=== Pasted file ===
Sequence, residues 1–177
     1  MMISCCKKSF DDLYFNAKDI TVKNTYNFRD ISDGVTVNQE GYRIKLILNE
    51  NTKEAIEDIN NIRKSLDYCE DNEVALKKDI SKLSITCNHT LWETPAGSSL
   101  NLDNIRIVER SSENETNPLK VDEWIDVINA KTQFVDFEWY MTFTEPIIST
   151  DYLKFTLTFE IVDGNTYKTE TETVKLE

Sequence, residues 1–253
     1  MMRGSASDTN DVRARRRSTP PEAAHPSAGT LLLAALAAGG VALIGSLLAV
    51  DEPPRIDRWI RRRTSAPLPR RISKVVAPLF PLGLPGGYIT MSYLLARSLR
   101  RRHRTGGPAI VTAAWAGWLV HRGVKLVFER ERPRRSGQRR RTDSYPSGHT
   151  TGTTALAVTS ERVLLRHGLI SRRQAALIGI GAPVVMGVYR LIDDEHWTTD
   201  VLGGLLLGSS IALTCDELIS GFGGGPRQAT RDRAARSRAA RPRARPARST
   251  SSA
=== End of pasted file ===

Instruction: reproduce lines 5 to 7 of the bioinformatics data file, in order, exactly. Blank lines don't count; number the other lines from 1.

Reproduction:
   151  DYLKFTLTFE IVDGNTYKTE TETVKLE

Sequence, residues 1–253
     1  MMRGSASDTN DVRARRRSTP PEAAHPSAGT LLLAALAAGG VALIGSLLAV